The newest addition to the Partners for Water (PfW)-team is Luciel Bakker. As part of her ‘Rijkstraineeship’ (government traineeship) she joins the programme from March until September. She wants to learn as much as possible and of course we want to learn about her too. So, we sat down with her for a chat. Nice to meet you, Luciel!
‘My journey as Rijkstrainee started last September when I joined the Ministry of Economic Affairs and Climate Policy and the Ministry of Agriculture, Nature and Food Quality. There I coordinated the pre-financing of urgent programmes on topics such as water, nitrogen and nature. To learn more about the implementation side of such programmes, I joined the Netherlands Enterprise Agency (RVO) and their Partners for Water (PfW) programme. A place where I feel at home because ever since I was young, I’ve been fascinated by climate change, nature and biodiversity.’
‘I have a bachelor’s degree in political sciences, but that didn’t feel substantial enough. I became aware that I wanted to gain more background knowledge on what interests me. That’s why I decided to study Governance of Sustainability for my masters. With this, you get a good combination of the scientific perspective on climate change as well as how to best address it. I specialised in nitrogen, a topic which connects everything together: economics, nature, farmers and all of the social implications.’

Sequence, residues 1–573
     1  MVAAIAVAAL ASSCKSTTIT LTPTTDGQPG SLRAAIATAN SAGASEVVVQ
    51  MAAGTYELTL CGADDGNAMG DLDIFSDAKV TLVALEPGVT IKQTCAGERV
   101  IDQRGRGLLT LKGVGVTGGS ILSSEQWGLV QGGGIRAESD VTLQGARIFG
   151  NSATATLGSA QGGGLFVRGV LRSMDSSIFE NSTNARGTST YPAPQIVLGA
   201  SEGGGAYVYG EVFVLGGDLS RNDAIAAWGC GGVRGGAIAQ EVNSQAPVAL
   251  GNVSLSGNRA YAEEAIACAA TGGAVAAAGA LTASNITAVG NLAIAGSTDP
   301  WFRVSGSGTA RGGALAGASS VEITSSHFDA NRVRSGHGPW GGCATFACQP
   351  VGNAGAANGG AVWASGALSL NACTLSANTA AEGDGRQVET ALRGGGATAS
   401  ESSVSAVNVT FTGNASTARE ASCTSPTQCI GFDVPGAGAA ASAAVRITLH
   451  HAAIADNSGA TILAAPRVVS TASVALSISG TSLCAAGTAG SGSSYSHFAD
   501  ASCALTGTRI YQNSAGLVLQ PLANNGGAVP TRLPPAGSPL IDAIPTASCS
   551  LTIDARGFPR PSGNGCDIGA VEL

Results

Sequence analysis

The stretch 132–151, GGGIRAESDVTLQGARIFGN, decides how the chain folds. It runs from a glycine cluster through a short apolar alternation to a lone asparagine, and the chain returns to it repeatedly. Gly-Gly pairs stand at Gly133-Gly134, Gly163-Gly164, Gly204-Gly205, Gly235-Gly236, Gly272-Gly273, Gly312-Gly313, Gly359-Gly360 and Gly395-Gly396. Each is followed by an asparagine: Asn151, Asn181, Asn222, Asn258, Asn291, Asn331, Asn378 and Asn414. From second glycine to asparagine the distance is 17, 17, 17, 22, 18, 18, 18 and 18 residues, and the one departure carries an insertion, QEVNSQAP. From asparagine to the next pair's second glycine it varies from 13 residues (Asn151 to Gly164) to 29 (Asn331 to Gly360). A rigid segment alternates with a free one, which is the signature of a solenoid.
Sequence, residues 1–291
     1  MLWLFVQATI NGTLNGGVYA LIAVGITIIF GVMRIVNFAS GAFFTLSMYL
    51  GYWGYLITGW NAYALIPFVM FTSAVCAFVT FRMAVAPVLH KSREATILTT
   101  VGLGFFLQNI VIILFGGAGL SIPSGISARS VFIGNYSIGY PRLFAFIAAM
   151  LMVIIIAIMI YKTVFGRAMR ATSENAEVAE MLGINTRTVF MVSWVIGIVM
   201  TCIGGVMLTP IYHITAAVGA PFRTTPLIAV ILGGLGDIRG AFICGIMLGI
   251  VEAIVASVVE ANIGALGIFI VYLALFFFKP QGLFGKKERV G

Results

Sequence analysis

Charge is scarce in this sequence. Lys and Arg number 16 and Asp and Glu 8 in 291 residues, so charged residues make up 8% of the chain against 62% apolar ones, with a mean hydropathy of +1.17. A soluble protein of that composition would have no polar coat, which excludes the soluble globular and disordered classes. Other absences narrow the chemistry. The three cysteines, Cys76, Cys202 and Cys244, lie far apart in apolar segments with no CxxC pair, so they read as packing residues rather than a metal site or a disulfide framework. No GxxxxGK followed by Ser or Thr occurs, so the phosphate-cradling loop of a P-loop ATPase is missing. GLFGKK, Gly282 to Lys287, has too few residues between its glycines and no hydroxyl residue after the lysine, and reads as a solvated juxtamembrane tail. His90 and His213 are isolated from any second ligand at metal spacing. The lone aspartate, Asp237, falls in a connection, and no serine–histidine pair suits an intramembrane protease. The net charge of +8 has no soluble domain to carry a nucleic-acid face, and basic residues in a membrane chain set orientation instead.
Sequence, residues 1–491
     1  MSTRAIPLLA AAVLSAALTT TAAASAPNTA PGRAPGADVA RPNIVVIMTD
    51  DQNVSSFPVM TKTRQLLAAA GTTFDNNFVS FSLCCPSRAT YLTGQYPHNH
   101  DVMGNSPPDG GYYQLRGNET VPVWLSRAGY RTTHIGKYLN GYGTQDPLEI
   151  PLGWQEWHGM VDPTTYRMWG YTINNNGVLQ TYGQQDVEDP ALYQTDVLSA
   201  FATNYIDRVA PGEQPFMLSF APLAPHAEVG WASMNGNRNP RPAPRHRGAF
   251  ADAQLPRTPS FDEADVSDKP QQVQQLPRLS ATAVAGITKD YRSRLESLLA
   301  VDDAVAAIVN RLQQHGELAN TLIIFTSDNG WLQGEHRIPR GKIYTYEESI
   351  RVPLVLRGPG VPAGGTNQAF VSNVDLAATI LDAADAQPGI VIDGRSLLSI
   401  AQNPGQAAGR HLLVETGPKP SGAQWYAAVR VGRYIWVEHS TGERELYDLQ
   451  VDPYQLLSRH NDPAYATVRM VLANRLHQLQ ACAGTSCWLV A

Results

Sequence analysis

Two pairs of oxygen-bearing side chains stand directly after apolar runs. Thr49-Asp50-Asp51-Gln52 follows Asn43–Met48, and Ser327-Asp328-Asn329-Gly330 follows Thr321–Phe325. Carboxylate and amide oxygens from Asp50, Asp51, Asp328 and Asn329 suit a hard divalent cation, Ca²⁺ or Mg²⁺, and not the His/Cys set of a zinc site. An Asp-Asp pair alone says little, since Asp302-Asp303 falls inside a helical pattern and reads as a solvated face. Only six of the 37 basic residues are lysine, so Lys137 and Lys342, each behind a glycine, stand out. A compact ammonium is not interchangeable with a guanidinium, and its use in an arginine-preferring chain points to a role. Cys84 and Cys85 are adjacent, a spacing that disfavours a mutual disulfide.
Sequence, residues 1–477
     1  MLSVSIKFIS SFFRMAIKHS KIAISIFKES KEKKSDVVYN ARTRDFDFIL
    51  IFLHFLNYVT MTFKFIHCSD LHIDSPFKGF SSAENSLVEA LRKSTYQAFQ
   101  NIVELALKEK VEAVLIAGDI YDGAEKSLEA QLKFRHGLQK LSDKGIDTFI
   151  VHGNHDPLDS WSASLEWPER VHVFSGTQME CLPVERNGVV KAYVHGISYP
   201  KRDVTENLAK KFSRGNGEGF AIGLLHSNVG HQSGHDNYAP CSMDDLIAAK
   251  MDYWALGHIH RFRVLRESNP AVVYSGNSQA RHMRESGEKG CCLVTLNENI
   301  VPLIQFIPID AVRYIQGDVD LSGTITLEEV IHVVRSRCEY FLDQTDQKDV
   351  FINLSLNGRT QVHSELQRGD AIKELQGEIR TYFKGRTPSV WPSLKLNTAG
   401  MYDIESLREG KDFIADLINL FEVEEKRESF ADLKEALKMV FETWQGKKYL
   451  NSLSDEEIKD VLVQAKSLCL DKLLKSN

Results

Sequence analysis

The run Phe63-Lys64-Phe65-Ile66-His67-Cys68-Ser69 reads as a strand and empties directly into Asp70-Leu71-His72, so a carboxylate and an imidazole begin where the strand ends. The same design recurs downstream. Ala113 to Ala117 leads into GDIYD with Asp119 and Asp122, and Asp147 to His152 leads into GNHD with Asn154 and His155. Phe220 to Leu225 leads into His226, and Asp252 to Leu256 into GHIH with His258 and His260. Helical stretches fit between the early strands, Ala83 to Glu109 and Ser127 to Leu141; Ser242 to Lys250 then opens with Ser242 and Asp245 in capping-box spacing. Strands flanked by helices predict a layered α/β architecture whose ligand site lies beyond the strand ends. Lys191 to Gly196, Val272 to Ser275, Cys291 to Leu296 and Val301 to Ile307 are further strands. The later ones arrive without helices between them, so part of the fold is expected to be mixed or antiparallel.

‘I’ve always been fascinated by Dutch agriculture and I even did an internship with Rabobank, the “farmers bank”. Given how closely linked and intertwined the topics of water and the agricultural are, joining the PfW programme felt like a logical next step. What I’ve done up until now has always been nationally focused. So, I look forward to getting insights into how our national developments relate to the international political field and what factors to take into consideration when working internationally. How, for instance, to take into account cultural differences.’
‘In my first weeks at PfW I reviewed several subsidiary request applications, which I felt were well written and thought out. That means I can learn a lot from them which is great. It’s also fun to read about the innovative solutions the applicants have proposed. I’m honoured to be able to comment on them and the team’s guidance has been great. In the coming time, I hope to contribute to the programme with what I’ve learned in the first part of my traineeship: analysing the cohesion and interaction between the different actors operating in the field.’
‘I’m originally from Zaandam, but I now live in Amsterdam. Taking the train to The Hague can sometimes be a bit of a nuisance, but it’s a sacrifice I happily make. My future plans? Part of my traineeship is being sent to another ministry, province embassy or consulate for half a year. A consulate would be my preference. I would love to be stationed abroad and work on a project related to climate change. I’ve always had a deep love and interest for the Middle East, so ultimately my dream is to do valuable work there.’